Logically, I know that I’m so much more than the size of my jeans, but the negative thoughts are so pervasive that I’m having trouble escaping them. Rather than resetting my body clock with regular, reasonable workouts and healthy, moderate portions, I’ve been comforting myself with unhealthy food and overexercising to try to compensate. It’s a horrible, vicious cycle–one that I desperately need and want to break out of. 

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I’m not saying this to get sympathy or even to make some pledge that I’m going to immediately turn things around. But I guess I just wanted to put this out there because I don’t think I’m the only one. It seems like there’s so much pressure to accept your body and be healthy and happy and fit and confident and sometimes, no matter how great the rest of your life may seem, you just don’t feel it. These struggles are real, so why not be honest about them? 

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Now, of course, I’m saying all of this a little tongue in cheek, peppering this post with self-deprecating ecards to lighten it up a little. But really, it’s something I want to fix. I might talk about it again. I might not. But in the meantime, I appreciate my lovely readers who are willing to listen. XO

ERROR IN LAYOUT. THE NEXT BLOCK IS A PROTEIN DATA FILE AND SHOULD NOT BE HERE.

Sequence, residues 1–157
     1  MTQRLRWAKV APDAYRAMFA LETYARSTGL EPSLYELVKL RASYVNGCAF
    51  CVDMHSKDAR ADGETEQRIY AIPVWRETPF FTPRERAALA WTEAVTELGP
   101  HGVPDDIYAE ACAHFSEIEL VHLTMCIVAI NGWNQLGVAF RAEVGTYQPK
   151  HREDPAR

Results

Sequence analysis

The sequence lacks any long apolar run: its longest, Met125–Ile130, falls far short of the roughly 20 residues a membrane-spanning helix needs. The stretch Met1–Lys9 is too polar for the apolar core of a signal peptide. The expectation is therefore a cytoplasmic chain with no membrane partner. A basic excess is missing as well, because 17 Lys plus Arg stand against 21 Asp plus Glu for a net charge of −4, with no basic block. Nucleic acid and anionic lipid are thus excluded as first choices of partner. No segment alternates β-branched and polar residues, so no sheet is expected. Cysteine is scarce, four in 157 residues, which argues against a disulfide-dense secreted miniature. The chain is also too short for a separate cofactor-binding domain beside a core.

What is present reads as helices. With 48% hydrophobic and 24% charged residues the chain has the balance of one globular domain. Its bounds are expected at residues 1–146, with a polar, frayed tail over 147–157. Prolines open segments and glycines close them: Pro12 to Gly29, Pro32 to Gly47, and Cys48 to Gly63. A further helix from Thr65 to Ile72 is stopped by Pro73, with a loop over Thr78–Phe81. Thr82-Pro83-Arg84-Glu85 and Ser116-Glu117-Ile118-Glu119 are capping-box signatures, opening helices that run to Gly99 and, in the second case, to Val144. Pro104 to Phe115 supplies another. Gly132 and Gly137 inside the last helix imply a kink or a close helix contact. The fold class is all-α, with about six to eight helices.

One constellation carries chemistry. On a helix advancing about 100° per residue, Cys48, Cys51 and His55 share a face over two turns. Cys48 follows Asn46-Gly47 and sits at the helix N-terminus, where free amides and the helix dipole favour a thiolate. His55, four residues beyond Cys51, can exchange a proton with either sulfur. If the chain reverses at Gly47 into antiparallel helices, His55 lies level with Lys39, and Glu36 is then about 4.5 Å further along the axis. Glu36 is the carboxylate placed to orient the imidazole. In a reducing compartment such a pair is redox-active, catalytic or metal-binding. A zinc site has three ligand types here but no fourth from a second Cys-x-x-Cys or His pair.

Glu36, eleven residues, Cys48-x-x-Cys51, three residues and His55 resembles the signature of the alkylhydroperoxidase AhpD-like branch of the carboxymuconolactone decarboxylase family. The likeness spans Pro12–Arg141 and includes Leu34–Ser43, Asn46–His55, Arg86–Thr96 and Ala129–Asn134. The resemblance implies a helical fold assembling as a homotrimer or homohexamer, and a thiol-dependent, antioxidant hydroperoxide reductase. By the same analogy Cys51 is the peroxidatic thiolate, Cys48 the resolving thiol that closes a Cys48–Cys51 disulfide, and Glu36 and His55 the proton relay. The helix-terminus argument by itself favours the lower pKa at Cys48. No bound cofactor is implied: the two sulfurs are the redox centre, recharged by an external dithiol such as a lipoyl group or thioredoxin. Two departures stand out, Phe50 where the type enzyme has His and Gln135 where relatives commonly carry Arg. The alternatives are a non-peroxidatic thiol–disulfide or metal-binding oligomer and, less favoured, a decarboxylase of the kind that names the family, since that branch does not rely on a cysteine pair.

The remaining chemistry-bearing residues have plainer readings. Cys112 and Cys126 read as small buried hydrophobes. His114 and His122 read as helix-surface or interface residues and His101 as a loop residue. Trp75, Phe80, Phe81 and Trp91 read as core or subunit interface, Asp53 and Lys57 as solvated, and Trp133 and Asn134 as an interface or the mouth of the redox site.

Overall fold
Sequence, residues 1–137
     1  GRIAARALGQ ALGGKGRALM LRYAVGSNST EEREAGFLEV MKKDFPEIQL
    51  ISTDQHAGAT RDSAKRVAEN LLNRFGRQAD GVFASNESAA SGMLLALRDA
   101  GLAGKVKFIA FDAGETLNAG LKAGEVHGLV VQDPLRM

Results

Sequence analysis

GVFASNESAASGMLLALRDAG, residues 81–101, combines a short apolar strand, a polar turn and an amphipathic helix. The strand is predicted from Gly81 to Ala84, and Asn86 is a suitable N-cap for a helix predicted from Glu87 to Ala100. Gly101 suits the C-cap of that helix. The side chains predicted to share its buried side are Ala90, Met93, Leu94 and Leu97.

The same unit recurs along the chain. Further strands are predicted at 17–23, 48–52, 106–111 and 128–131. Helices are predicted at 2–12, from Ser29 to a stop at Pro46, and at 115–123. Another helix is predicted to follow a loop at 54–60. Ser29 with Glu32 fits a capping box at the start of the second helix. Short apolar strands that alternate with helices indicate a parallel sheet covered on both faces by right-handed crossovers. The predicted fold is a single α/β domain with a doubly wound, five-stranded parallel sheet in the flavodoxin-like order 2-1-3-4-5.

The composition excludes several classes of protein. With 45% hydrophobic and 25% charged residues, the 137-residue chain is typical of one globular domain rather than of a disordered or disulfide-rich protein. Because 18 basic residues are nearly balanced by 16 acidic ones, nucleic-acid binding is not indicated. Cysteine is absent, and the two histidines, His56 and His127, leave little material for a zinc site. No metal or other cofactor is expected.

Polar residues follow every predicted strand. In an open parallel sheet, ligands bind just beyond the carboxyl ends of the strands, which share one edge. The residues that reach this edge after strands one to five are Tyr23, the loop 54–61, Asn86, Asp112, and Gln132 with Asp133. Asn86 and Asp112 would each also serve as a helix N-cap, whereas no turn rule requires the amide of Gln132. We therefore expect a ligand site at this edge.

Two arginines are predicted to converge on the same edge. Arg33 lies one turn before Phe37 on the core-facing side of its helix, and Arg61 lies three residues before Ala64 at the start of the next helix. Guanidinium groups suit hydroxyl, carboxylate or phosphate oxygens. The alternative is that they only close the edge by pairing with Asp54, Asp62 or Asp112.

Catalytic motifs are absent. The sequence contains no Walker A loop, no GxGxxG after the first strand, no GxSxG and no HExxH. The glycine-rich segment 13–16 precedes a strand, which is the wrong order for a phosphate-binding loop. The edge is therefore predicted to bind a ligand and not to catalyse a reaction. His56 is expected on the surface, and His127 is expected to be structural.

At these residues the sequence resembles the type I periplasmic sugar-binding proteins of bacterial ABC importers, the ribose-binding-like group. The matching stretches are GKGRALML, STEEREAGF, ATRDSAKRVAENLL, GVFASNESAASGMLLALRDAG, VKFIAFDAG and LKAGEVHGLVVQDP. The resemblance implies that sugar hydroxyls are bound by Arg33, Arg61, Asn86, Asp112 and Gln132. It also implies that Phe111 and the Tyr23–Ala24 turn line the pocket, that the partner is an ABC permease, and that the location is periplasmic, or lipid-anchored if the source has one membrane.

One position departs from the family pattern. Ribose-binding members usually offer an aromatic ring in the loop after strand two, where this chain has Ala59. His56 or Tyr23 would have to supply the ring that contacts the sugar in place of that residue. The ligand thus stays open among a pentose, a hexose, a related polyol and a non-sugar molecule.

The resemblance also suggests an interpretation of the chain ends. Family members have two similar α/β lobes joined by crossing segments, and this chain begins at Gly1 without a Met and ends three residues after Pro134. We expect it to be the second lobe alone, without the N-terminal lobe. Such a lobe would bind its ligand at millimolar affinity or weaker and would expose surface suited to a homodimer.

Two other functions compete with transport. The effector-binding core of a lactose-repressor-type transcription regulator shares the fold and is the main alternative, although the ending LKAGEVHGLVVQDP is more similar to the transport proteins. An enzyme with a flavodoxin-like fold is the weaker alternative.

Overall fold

44 thoughts on “Sometimes, Things Just Get Real

  1. xxxooo. It happens to all of us. And sometimes talking about it is what you need to start turning it around. I know you can get back to your routine, you’re just so clobered with life changes right now, it’s hard. Love you!

    • That is some truth–life changes seem to compound everything, don’t they? Love you back! Thanks for being such a great support system!! XOXO

  2. i think just about everyone can identify to this in some way/shape/form. i know i definitely have body issues, and i definitely eat like crap and then overexercise to compensate instead of just eating healthy and moderately working out. you’ll get where you need to be. and when you need support, i’m just a text or phone call away. xoxo love you!